Japan manages to strike that tricky balance between keeping its children fed and maintaining a low obesity rate, and its largely thanks to its school lunches.
It might seem like a small world, but there are parts of it that are relatively close together trying to deal with polar opposite problems. Feeding our children, fox example. In developing countries, the issue is malnutrition. Not having enough food to go around and children suffering because of it. In more developed countries, some governments are trying to tackle the exact opposite. Childhood obesity.
So why is it so difficult for countries that can to find that perfect middle ground, or at least come close to it? The rest of the world should probably be paying closer attention to Japan for tips on how to do so. A recent report by UNICEF revealed that Japan tops the charts with the lowest rates of malnourished children in the world, and also has the lowest rate of childhood obesity in the 41 developed countries included, reports Channel News Asia.
There are a number of well-established reasons Japan manages to strike this tricky balance, but the main reason is its school lunch program. In many developed countries, children enter a cafeteria-style setting and, for the most part, eat whatever they like. They can even bring food from home if they so desire, giving them an even wider choice of potentially unhealthy food.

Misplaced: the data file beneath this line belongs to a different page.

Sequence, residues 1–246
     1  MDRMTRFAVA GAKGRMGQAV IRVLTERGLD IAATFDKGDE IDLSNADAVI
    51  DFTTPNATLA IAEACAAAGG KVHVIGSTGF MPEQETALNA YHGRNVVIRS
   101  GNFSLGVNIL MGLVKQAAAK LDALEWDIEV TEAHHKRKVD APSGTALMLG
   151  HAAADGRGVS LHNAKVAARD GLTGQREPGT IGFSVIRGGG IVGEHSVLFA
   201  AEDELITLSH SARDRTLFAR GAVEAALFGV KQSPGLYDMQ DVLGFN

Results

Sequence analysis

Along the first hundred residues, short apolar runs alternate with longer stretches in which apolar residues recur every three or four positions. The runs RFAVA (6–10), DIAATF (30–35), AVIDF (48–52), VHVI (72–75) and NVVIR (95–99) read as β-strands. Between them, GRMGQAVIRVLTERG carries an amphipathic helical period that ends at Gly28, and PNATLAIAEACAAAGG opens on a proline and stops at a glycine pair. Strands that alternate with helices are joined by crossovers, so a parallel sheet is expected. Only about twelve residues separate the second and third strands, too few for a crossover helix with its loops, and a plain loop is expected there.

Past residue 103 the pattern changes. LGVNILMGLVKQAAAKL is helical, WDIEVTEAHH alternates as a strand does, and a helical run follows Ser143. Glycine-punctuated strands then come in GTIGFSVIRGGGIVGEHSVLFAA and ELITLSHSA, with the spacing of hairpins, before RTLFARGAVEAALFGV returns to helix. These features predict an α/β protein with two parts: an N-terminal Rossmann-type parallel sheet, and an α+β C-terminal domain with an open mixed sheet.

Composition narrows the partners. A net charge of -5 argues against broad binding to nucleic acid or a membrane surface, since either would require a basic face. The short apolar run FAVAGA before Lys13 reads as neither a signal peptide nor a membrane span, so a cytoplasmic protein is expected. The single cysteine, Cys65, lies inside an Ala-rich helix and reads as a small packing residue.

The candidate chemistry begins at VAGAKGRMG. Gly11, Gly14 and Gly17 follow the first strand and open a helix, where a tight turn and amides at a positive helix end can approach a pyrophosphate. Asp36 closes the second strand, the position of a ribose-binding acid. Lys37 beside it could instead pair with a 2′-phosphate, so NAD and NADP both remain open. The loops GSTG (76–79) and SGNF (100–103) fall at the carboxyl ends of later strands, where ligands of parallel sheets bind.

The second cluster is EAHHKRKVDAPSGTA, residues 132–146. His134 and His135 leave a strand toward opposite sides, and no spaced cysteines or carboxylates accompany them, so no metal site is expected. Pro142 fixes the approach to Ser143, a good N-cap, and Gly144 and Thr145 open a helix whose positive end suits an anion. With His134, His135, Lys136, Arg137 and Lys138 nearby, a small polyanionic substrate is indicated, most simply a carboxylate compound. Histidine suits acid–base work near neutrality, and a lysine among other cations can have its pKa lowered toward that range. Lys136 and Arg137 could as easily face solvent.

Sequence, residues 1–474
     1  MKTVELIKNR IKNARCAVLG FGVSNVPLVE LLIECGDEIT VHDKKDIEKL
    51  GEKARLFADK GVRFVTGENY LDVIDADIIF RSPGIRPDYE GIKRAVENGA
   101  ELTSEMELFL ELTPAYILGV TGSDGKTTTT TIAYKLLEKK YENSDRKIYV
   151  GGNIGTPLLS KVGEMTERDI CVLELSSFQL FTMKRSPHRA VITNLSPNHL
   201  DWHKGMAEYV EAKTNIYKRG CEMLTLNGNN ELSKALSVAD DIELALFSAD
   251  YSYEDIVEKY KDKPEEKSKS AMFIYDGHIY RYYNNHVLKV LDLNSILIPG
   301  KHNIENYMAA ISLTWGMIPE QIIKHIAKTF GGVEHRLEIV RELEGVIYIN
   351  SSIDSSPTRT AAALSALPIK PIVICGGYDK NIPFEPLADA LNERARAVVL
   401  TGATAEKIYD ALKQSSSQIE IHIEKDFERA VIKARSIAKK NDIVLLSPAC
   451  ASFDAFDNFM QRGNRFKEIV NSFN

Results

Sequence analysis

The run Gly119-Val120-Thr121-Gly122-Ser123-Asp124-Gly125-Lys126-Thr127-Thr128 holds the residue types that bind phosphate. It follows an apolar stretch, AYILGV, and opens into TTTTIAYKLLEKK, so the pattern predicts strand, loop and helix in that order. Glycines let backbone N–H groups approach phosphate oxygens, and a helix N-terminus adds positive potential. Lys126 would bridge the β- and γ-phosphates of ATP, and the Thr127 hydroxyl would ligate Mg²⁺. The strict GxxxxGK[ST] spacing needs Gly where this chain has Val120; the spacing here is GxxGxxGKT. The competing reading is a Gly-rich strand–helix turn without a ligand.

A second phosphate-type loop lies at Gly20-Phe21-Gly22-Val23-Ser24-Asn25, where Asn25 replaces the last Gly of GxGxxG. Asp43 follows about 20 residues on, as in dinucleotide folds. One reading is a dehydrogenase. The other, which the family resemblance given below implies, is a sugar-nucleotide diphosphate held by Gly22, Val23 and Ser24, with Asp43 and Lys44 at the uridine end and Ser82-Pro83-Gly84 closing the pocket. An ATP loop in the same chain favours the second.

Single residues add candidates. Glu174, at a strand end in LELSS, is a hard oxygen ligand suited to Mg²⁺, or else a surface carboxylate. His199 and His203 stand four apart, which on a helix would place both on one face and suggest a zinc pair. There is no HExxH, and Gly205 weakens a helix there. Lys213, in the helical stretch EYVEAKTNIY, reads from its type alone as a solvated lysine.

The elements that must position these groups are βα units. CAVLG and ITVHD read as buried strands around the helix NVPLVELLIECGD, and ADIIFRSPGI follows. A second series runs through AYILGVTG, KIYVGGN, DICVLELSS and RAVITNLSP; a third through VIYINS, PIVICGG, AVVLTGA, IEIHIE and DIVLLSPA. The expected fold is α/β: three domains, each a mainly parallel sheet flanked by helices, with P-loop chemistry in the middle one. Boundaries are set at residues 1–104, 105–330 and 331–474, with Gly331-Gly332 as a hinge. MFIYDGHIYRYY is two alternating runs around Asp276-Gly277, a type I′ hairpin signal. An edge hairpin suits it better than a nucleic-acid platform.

That's not the case in Japan. There's one option, normally between 600 and 700 calories. Due to vegetarianism not being as widespread in Japan as it is elsewhere, and most of the country holding the same religious belief, there isn't even a need to offer those sorts of alternatives. Children aren't allowed to bring packed lunches, and even though the lunches aren't free, the program is heavily subsidized.
The health benefits of the Japanese school lunch, which is planned by a nutritionist, don't end at lunchtime either. Students are taught about the breakdown of their meal each day so they understand the need for a balanced diet, and how much of things like protein and carbohydrates they need each day. It might sound regimented and perhaps even a little extreme, but it is clearly a system that works.